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We know about maternal depression, but study finds new dads as likely to be depressed

We know about maternal depression, but study finds new dads as likely to be depressed

Picture of Lauren  Whaley

Researchers, legislators and media are paying more attention to maternal mental health in California and across the country. And that attention is slowly turning to fathers’ mental health as well.

“I think people think of postpartum depression as a women’s issue, and not as a family issue,” said Erika Cheng, an epidemiologist at the Indiana University School of Medicine. Cheng is the lead author of a recent study in JAMA Pediatrics that found that new fathers were just as likely to be depressed as new mothers.

Previous research has tended to find lower depression estimates for new fathers compared to mothers. For instance, the Centers for Disease Control and Prevention (CDC) cites a 2010 study that found that about 4 percent of fathers experience depression in the first year after their child’s birth, while a meta-analysis found an average of about 10 percent of new fathers suffered from depression between the first trimester of pregnancy and the child’s first birthday. Between 10 and 20 percent of new mothers experience depression following the births of their babies, depending on the state, according to CDC.

“I think what was different about our study compared to other studies is that, although the rates we found were overall relatively low, they were similar between mothers and fathers,” said Cheng. The study found that about 4.4 percent of fathers were depressed, compared to about 5 percent of new mothers. For the analysis, researchers looked at screenings parents filled out during pediatric visits by with babies 15 months or younger.

The presence — and state of mind — of dads can impact the whole family, beginning in utero. In a previous study, Cheng and her colleagues found higher levels of anxiety, depression, and smoking among pregnant women who reported low partner support. And, in another study, she found that infants without fathers listed on their birth certificate were more at risk for childhood obesity.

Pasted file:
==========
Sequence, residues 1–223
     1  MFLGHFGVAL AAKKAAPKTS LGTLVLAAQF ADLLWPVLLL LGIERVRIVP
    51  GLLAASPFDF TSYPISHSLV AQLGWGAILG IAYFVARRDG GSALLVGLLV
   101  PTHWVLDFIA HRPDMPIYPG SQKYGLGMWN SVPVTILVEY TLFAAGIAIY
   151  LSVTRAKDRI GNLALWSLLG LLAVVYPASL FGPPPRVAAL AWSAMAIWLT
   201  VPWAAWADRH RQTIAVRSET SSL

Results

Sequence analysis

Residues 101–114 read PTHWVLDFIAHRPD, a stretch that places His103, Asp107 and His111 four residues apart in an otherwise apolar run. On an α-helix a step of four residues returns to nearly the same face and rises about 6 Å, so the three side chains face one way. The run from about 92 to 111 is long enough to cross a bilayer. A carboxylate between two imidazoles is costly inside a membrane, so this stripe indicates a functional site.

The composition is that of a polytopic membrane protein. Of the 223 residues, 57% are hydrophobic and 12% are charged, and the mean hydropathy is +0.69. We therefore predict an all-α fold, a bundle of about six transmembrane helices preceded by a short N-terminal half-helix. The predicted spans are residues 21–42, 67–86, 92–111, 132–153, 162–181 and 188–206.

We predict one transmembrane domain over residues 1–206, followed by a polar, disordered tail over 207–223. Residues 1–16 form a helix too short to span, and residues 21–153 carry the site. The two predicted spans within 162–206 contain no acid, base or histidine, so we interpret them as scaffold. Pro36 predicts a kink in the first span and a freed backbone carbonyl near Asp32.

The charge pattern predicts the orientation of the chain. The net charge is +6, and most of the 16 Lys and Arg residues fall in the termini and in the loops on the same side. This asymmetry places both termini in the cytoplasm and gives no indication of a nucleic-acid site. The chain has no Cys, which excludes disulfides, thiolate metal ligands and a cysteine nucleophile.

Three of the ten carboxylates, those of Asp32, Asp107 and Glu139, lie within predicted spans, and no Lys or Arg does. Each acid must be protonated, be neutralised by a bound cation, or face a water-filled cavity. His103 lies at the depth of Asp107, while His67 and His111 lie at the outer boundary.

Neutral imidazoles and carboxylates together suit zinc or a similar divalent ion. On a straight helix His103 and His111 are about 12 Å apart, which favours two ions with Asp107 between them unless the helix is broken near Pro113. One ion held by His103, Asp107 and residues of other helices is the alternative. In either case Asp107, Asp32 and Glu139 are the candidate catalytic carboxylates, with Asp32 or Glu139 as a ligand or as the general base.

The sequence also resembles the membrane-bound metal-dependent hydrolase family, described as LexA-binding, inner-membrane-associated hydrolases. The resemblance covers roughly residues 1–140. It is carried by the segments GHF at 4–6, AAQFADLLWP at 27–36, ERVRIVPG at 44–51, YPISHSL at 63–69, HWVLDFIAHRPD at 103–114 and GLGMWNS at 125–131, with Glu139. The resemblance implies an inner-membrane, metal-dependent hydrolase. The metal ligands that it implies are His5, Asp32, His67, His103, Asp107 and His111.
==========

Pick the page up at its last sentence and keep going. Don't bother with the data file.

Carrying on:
“I think what was different about our study compared to other studies is that, although the rates we found were overall relatively low, they were similar between mothers and fathers.” — Erika Cheng, Indiana University 

 

And, as with maternal mood disorders, when new dads experience major depression, they may neglect their kids. Depression in fathers can also negatively affect children’s development and behavior, and can impact the child’s language development.

“The research shows that that involvement and that engagement is really beneficial for fathers, for children, for families,” Cheng said. “We’re challenging the way that we have thought historically about what it means to be a good dad. It’s more than just providing financially for the family. It’s about being there and being involved.”

One small 12-week home visiting pilot program in Los Angeles is trying to help new fathers build stronger bonds with their babies. Partnering with families at the UCLA Maternal Mental Health Partial Hospitalization Program and the Providence Saint John's Child and Family Development Center, the pilot targets new fathers whose partner is being treated for a maternal mood disorder.

“The perinatal mood disorder really affects the whole family, including the dad,” said psychologist Kevin Gruenberg, half of the pilot’s two-man team.

Gruenberg says one of the predictors of a healthy emotional bond between a parent and child is a parent’s ability to make meaning of their child’s behavior. For example, if a child is crying, the parent could notice that the child needs attention, or is hungry, or may be upset that her toy was taken away. So, instead of just reacting to the crying itself, a parent would try to understand the root cause of the crying.

“This is an evolutionary capacity. However, it’s broken down when you’re stressed, when you have a history of trauma,” said Gruenberg, whose pilot is based at the Center for Reflective Communities, a nonprofit focused on building parent-child relationships. “So we believe that helping parents be more reflective, or supporting or growing this capacity, is a way of improving their relationships with their kids. ” 

During client visits, Gruenberg might point out certain cues the baby is trying to communicate, or he might help the dad play with his baby, or may even just take a walk around the block with the dad and baby to chat about what’s going on in the dad’s life.

“Our work is really kind of being able to point out, ‘Hey, look how your baby’s responding to you when you do that,’ or ‘ Do you have a sense of what your baby must be feeling when you just did that?’” he said.

Gruenberg will also take video of the father and baby, and will later review the footage with the father, explaining what might be happening inside the baby’s mind and how the baby’s thoughts are driving his or her behavior.

“In all of these situations, we’re really trying to help dad see that infants really thrive when they interact with people who care for them,” said Gruenberg.

“My angle is that men are vulnerable in this time and need support,” he said. “Infants really benefit from being cared for by people who really love them and who understand them and can connect with them, and so that’s been my approach to this work. I really keep the infants in my mind.”

The pilot began in May and will last about a year, reaching eight to 10 fathers.

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